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What would Shakespeare have said?

In a way that is at least unusual in world education, the technique known as ‘Systematic Synthetic Phonics’ or SSP is now prescribed by law in Britain for the teaching of reading and writing. SSP is zealously advocated by Rhona Johnston, and Joyce Watson (2005). There are other approaches to phonics, but these are all rubbished by the proponents of SSP. Increasingly, as noted by *Dominic Wyse and Alice Bradbury (2022), the belief is growing that nothing other than SSP techniques are allowed. Wyse and Bradbury’s article has aroused vigorous and lively discussion involving members of the goverment and others.

By some mysterious mechanism, publishers in this area are ‘approved’. But the more strictly SSP canons are followed, the less likely it is that children will have access to the treasure trove of existing literature. This contradicts many commitments in the National Curriculum. The effect of SSP on story telling and literature seems to me uniformly dire.

Shakespeare would have laughed at SSP. George Bernard Shaw would probably have written a play about it, like he wrote Pygmalion to poke fun at the way the early proponents of phonetics sought to bury their most notable predecessor, Alexander Melville Bell. Shakespeare and Shaw would have thought it bizarre to suggest that the text of literature. theatre and poetry is no more than a sequence of letters. Epic poetry like Beowulf and the first known text in formal grammar, Panini’s Ashtadhyayi, were first written to be recited aloud by memory. The recitalists would have considered what they were reciting far more important than any of the letters used to write it down.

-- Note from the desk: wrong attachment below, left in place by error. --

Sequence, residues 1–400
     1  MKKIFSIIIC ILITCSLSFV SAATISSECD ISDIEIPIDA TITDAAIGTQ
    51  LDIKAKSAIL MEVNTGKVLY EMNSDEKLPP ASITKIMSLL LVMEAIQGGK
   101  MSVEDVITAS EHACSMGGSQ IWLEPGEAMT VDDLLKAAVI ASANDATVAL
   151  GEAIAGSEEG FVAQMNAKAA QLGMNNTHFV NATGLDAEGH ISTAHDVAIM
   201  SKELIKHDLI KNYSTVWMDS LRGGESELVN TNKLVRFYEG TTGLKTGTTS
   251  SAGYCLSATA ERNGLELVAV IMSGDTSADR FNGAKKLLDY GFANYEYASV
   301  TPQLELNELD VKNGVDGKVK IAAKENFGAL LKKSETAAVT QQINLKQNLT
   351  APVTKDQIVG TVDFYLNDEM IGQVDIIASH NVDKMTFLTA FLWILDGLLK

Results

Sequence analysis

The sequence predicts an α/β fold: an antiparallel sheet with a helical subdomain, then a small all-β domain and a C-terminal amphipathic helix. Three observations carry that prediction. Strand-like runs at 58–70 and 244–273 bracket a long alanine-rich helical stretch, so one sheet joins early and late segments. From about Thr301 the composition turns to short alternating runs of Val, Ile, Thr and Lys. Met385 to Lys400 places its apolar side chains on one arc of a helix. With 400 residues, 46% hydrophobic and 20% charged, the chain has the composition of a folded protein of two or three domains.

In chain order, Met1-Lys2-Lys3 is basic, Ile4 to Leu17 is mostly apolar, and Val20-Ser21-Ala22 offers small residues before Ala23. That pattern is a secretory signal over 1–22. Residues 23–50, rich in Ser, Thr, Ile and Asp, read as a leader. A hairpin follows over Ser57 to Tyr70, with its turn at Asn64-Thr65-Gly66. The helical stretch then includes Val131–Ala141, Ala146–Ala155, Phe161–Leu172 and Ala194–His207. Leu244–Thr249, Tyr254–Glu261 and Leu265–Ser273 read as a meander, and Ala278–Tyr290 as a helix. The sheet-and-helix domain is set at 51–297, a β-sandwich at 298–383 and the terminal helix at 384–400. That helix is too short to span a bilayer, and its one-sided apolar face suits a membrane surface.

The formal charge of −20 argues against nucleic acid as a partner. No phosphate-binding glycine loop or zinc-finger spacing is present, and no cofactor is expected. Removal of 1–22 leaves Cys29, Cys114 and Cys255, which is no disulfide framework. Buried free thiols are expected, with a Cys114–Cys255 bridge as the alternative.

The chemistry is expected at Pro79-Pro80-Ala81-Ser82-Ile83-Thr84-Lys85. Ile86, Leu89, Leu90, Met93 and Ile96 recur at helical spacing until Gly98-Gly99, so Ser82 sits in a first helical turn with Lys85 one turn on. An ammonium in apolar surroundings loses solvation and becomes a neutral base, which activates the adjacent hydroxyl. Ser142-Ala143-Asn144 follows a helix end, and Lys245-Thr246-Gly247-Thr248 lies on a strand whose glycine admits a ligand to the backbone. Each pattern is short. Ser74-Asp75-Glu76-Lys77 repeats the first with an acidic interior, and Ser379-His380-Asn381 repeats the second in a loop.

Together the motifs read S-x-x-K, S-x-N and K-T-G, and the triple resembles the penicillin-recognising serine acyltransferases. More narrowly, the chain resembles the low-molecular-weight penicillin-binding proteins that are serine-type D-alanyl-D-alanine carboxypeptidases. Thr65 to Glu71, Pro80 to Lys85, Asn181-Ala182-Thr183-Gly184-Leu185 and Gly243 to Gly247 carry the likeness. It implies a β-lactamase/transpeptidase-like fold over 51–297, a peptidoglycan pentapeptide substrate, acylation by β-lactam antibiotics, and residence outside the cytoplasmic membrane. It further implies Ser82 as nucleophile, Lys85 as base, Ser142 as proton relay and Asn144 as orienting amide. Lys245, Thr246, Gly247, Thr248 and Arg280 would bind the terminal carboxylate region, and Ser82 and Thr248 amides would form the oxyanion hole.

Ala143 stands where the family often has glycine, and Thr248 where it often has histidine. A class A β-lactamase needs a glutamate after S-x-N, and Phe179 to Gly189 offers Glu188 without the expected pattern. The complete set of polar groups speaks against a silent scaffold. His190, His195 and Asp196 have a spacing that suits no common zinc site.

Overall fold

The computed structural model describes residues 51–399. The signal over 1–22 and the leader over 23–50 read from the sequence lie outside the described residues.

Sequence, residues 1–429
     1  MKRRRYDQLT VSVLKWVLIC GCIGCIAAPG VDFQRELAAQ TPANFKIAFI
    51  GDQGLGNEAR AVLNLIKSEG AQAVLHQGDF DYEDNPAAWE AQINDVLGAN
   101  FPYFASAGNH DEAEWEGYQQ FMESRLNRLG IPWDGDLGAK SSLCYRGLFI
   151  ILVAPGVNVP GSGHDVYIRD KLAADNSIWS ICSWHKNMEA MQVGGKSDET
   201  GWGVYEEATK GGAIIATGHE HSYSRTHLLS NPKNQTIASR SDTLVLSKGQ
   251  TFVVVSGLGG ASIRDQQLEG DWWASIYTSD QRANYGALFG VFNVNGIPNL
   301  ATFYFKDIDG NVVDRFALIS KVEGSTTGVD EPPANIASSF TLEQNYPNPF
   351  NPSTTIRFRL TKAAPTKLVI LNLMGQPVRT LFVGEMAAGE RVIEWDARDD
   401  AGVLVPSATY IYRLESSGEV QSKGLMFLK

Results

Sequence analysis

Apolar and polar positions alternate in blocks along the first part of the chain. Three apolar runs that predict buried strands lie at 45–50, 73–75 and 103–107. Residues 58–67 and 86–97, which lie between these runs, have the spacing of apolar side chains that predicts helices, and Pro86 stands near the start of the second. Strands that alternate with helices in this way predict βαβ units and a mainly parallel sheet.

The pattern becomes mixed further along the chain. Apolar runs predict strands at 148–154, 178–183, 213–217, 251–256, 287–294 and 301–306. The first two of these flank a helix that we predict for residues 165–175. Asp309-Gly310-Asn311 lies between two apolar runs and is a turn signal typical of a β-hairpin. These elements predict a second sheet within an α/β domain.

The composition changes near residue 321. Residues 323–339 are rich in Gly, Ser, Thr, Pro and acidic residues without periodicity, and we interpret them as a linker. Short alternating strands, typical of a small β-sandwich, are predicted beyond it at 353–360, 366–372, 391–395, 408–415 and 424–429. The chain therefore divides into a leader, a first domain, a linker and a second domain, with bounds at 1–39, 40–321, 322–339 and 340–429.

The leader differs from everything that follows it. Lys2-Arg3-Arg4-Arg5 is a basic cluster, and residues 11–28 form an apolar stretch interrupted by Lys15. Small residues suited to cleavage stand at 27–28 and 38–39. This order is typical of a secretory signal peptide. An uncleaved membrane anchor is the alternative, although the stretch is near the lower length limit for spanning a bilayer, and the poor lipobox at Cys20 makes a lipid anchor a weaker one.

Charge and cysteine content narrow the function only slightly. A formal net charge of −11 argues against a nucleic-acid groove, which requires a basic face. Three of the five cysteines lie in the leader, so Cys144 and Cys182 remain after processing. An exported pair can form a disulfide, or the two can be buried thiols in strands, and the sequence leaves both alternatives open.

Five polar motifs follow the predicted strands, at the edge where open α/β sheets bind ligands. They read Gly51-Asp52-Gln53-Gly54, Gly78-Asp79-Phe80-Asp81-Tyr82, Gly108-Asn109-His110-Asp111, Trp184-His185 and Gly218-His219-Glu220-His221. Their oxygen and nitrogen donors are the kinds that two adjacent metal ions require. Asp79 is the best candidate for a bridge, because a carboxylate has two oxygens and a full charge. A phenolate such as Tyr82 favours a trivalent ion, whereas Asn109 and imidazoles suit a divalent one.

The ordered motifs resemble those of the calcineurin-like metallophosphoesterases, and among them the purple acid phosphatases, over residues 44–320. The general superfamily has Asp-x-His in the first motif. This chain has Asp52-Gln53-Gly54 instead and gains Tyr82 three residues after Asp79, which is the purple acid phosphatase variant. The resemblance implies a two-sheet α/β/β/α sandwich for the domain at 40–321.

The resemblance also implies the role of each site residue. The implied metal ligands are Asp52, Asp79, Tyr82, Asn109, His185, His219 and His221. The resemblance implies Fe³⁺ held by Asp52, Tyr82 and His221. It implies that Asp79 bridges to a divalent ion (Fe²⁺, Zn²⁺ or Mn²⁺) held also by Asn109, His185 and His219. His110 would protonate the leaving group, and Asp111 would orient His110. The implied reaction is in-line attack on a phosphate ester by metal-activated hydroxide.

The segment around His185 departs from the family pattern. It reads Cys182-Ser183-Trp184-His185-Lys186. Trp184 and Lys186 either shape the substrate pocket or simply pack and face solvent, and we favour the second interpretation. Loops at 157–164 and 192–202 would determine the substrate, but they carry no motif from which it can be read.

SSP ignores

  • The difference between the content words in cat, dog, big, get, and the functors in a, the and the n’t in couldn’t. The content words and functors are spelt by by two sets of principles. They overlap. But they are not quite the same. The functors can’t be used on their own or shown with pictures, are standardly unstressed, have a simpler sound structure, mostly single consonants and vowels, no clusters of more than two elements, often contract, losing some of their sound structure, and ‘cliticise’ or get stuck to other elements. Because of the contraction and cliticisation, functors are often said and written as something less than a complete syllable, as in don’t can’t, couldn’t, shouldn’t, in a way that never happens with content words. TH at the beginning of the, this, these, though, then, is voiced. TH at the beginning of thin, think, through, three, is voiceless. The vowel written as E in the and as A in a is pronounced as ‘schwa’ so long as it is not followed by a vowel, the only such cases in the language. Of is a functor in a pint of milk, which was routinely pronouced A PINTA MILK with the V sound left unpronounced. There are almost 100 functors in English.